The first thing Mary Maoh, the indispensable social worker of Holy Family Hospital, does in the mornings when she comes to work is to visit the newborn babies in the nursery and in the intensive care unit.
“The babies are all like a gift, I see life in them,” said the 31-year-old Bethlehem University social work school graduate, as she sat in her office where the hospital’s neediest patients come seeking counseling and financial assistance.
There are a limited number of maternity social workers working in Palestinian hospitals, noted Maoh, a native of Bethlehem, who has been working at Holy Family Hospital since 2001. She feels blessed that she is able to work at her dream job.
“Ever since I was in school I have liked to help people and my dream was to work in a maternity hospital,” she said. “I like to help pregnant women and I like babies. I am very lucky to work here.”
“I like to help pregnant women and I like babies, I am very lucky to work here.”
Perhaps one of the best known faces at the hospital, Maoh moves with confidence amongst the patients and staff members, lending an attentive ear to both while paying special attention to the needs of the youngest and most vulnerable. Her daily schedule includes checking with the staff members in the nursery and the intensive care unit on the conditions of the babies, hearing about any new admissions who may need assistance. She speaks to the delivery ward to check if there are any needy women due to deliver whom she should be in contact with after their delivery and then goes to speak to the hospital cashier to see if there were any discharged patients who had difficulty paying their bills.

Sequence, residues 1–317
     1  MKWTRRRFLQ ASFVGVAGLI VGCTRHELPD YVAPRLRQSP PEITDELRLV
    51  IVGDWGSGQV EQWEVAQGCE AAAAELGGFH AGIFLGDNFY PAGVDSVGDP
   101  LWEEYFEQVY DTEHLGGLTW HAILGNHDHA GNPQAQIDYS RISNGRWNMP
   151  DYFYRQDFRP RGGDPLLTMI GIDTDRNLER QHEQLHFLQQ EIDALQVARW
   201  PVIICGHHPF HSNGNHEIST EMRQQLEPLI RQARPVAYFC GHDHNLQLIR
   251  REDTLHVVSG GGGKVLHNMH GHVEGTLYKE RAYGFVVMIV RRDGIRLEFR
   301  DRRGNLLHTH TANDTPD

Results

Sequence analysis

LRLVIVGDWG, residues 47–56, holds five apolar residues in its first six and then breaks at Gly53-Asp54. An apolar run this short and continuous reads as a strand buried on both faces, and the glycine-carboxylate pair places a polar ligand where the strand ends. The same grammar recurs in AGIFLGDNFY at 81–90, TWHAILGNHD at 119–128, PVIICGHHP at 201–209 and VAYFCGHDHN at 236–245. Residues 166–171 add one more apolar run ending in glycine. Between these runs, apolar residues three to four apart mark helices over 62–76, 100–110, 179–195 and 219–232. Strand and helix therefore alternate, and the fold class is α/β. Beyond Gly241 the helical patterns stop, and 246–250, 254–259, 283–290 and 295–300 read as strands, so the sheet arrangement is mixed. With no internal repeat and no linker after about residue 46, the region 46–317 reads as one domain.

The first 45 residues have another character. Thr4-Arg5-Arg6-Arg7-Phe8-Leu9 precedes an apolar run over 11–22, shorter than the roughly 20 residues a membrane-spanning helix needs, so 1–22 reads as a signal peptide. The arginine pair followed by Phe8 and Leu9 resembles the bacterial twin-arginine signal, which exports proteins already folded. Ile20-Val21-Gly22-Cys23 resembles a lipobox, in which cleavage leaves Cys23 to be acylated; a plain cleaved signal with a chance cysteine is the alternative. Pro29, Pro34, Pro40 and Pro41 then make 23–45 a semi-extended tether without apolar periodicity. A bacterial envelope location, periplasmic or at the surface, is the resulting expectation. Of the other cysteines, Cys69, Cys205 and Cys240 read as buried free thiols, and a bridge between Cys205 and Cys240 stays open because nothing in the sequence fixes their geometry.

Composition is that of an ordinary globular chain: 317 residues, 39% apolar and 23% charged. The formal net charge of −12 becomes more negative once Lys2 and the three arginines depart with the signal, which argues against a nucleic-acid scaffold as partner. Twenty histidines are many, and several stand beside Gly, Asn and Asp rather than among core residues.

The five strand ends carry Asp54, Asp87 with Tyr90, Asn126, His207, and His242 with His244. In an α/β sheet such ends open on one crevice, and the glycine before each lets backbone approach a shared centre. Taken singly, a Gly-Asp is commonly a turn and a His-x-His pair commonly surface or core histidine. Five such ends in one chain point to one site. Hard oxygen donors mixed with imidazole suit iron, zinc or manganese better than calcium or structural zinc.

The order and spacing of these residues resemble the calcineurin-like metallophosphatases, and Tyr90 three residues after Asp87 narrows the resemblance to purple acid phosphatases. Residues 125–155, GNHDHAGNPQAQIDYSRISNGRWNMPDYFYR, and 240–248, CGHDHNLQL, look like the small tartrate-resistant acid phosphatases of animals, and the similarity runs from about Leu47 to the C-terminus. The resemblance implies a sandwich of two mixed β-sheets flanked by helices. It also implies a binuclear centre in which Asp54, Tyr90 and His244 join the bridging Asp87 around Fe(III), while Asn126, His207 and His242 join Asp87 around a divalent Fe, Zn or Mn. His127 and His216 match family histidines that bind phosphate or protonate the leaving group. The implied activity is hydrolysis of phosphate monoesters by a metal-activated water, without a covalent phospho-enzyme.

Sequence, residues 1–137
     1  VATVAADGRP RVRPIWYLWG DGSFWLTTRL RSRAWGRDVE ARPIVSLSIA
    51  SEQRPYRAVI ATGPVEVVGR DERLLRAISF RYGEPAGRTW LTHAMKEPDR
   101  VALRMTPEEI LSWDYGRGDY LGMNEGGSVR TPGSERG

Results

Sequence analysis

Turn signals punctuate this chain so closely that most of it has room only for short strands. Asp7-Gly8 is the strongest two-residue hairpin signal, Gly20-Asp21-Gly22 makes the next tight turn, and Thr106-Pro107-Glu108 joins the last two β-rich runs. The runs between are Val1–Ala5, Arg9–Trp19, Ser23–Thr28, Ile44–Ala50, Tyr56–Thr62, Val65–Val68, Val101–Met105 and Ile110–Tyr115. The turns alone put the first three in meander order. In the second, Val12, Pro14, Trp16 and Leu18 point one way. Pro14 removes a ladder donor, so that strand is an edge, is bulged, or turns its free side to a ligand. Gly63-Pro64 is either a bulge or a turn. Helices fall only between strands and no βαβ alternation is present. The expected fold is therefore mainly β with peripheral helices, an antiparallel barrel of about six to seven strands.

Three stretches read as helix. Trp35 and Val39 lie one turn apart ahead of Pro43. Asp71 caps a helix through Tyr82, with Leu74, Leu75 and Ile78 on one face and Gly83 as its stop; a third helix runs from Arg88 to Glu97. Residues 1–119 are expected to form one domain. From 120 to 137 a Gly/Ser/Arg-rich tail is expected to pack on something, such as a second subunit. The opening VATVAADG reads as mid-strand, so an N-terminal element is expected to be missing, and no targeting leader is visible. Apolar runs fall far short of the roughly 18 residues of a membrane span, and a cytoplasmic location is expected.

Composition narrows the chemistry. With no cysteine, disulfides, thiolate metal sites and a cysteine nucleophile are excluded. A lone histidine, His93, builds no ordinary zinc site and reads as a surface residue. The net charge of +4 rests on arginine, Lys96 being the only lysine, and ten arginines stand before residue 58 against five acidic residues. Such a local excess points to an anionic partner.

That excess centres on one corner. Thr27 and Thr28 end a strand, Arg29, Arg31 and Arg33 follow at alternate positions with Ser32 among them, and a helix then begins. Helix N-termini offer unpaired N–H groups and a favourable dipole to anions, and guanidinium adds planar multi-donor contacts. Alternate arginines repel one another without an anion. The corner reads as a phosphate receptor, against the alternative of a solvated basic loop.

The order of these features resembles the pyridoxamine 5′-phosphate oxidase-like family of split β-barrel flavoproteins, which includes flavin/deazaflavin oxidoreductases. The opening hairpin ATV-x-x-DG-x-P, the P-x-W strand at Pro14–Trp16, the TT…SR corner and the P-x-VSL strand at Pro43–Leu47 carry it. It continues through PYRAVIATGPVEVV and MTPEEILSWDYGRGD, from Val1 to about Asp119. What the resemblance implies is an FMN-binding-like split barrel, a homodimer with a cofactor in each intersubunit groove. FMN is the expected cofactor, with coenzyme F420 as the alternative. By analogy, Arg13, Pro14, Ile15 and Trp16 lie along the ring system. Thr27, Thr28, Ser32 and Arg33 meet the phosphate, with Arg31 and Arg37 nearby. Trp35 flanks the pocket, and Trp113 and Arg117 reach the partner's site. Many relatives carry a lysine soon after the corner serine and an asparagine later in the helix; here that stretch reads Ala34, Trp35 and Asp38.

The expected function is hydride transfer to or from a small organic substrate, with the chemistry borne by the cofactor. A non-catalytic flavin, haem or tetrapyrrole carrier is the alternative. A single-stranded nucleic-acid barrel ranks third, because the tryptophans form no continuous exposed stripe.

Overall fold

The best part of her job, said Maoh, is to be able to counsel women about their rights and help them learn how to receive proper medical care in addition to what they need during this most precious time in their lives from their husbands and families. Coming from a traditional society, many times the husbands expect much from their wives with no regard to their special needs during pregnancy and as mothers of their children, Maoh noted.
“Through counseling I help the husbands realize that their wives need to have their rights too; that their wives are precious and the husband needs to respect that,” she said. “We also talk about this subject in our awareness course.”
The hardest part of her work is trying to meet the financial needs of all the needy patients who come to her door. Financial assistance is limited, she said, and she is the first link in the chain which determines which of the patients are truly in need of assistance. Most patients are asked to pay some minimal amount of their bill to maintain the dignity of the patient, she explained.
“I am living in this society and I know the people very well,” she said of her ability to talk to the patients and help determine how much financial assistance if any the patients need.
Sometimes it is emotionally difficult to cope with the more difficult cases, she admitted, but she always goes to sleep telling herself that tomorrow will be better.
At some point in the future she would like to study for her Master’s Degree in social work, said Maoh, but for now she is happy with what she is doing at the hospital.
“I have a special relationship with the hospital,” she said with her trademark wide smile. “I think I still have something to give to people.”